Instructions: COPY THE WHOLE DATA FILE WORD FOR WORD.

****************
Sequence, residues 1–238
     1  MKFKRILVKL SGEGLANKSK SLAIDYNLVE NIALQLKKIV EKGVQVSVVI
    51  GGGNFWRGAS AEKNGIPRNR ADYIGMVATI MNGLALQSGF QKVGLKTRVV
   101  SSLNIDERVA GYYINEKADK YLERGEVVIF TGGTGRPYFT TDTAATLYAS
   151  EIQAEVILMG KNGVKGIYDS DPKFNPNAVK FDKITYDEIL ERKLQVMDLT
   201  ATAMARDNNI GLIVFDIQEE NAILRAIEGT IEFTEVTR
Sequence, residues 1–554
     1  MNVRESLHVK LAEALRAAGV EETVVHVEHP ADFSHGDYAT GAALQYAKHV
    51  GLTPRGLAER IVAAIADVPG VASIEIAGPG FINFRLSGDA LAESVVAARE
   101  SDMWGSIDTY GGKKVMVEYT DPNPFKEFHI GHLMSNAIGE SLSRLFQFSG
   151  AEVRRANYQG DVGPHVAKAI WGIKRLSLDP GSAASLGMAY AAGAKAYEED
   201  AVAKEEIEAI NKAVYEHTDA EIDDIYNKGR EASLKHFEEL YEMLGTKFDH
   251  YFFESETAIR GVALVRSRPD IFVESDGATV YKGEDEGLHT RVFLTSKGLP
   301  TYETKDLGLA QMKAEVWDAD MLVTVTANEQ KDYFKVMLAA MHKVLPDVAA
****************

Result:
Sequence, residues 1–238
     1  MKFKRILVKL SGEGLANKSK SLAIDYNLVE NIALQLKKIV EKGVQVSVVI
    51  GGGNFWRGAS AEKNGIPRNR ADYIGMVATI MNGLALQSGF QKVGLKTRVV
   101  SSLNIDERVA GYYINEKADK YLERGEVVIF TGGTGRPYFT TDTAATLYAS
   151  EIQAEVILMG KNGVKGIYDS DPKFNPNAVK FDKITYDEIL ERKLQVMDLT
   201  ATAMARDNNI GLIVFDIQEE NAILRAIEGT IEFTEVTR
Sequence, residues 1–554
     1  MNVRESLHVK LAEALRAAGV EETVVHVEHP ADFSHGDYAT GAALQYAKHV
    51  GLTPRGLAER IVAAIADVPG VASIEIAGPG FINFRLSGDA LAESVVAARE
   101  SDMWGSIDTY GGKKVMVEYT DPNPFKEFHI GHLMSNAIGE SLSRLFQFSG
   151  AEVRRANYQG DVGPHVAKAI WGIKRLSLDP GSAASLGMAY AAGAKAYEED
   201  AVAKEEIEAI NKAVYEHTDA EIDDIYNKGR EASLKHFEEL YEMLGTKFDH
   251  YFFESETAIR GVALVRSRPD IFVESDGATV YKGEDEGLHT RVFLTSKGLP
   301  TYETKDLGLA QMKAEVWDAD MLVTVTANEQ KDYFKVMLAA MHKVLPDVAA